In Papua New Guinea (PNG) women smallholders provide the most labour in farming activities. In addition, they take on valued social roles such as caring for their families.
Despite this, women face several challenges including fewer opportunities to access agricultural training and unequal gendered family roles in labour and decision making.
Dr Grünbühel is referring to the Family Farm Teams (FFT) training– a highly successful farmer extension training model that combines financial literacy education, banking and savings training, and agricultural planning techniques.
The success of this training model has been the focus on the family unit, helping them set family goals, plan their farming activities, effective communication and decision making as one team.
Dr Clemens Grünbühel
ACIAR Research Program Manager Social Systems
The model has been so successful that ACIAR, in partnership with the University of Canberra and PNG based Pacific Adventist University, is further rolling out the initiative to more Papua New Guineans. In addition to supporting women, this project is also working to engage PNG youth.
‘Semi-subsistence farmers, particularly women and youth, are key to PNG’s agricultural production.
‘But the distribution of income and farming workloads is still not equitable among men and women. At the same time, youths are leaving their communities for better opportunities in larger cities, often unsuccessfully,’ says Dr Grünbühel.
A combination of Family Farm training and religious teachings
To tackle this, the ACIAR-supported research project, Gender equitable agriculture extension and youth engagement, aims to bring this valuable gender equitable agriculture training to more Papua New Guineans. But to successfully reach more farming families, the project has turned to an institution that currently has the largest footprint in PNG.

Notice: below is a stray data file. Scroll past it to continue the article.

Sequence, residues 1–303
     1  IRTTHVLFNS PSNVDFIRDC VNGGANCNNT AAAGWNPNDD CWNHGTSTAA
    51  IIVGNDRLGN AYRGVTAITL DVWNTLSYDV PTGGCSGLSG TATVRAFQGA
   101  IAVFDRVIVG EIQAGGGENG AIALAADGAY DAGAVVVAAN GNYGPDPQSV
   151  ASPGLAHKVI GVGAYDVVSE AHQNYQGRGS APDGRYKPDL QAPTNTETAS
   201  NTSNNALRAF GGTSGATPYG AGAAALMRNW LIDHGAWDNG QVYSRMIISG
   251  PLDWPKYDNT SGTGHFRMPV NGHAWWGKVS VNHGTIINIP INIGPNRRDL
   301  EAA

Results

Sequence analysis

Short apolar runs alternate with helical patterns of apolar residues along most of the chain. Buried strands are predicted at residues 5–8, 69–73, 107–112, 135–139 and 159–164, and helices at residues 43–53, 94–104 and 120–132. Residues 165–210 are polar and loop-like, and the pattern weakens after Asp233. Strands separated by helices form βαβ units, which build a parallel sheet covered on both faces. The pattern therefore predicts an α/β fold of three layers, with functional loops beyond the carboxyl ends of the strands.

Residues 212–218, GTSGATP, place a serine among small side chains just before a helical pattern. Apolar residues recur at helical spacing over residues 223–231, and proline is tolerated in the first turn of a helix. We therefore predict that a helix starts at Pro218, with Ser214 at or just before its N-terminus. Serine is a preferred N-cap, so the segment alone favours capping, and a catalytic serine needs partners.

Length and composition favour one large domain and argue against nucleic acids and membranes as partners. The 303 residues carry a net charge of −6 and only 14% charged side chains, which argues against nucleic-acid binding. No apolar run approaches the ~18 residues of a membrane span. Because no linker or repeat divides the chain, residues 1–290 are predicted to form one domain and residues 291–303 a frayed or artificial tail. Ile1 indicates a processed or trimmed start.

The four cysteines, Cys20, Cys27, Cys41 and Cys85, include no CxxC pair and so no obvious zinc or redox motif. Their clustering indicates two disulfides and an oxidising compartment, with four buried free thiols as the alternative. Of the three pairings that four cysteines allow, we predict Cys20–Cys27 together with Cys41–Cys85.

It is widely recognised that churches have played an important role in PNG’s development. They already provide significant health and education services in the geographically challenged country, either alone, or in partnership with government.
‘Churches are in most rural and remote communities across PNG,’ says Project Leader Dr Josephine Caffery from the University of Canberra.
‘They have the potential to reach many more farming women and families than the project team’.
East New Britain Project Coordinator, Kiteni Kusunan Kurika has welcomed this new approach.
‘Papua New Guineans are very religious and respect church activities as much as possible. Using the church network to disseminate information or to participate in a project that is life changing or mindset changing is a brilliant approach that must be further researched and explored. The same applies to the youths being utilised as agents of change for the future,’ Mrs Kusunan Kiruka says.
The project has two main objectives. The first is to work with churches.
‘To further engage women and their families in agriculture, especially in areas we wouldn’t normally be able to reach, the project has adapted the FFT training. It now includes religious philosophies and practices so that it can be delivered by the church, in a gender equitable way and within their existing programs,’ says Dr Caffery.
She says the project team will then be able to explore synergies and success factors between the church-based agriculture programs and the church-based FFT approach.
Through this we can explore the capacity of churches, the challenges they experience when developing and implementing our gender-inclusive agricultural development program, and what their impacts and outcomes are on women, men and their families.
Dr Josephine Caffery
Project Leader University of Canberra
‘The project’s second objective is to work with youth. To meet this objective, we have also adapted the FFT training in a way that empowers youths and ensures they become an integral part of the family farming team,’ says Dr Caffery.
The ‘FFT: Empowering Youth’ approach includes a ‘Youth as Change Agent’ training program that will help the project understand youth attitudes to working in agriculture and on their family farm. This information will help inform how best to engage youth in an agricultural future.
Embracing the new approach to agricultural extension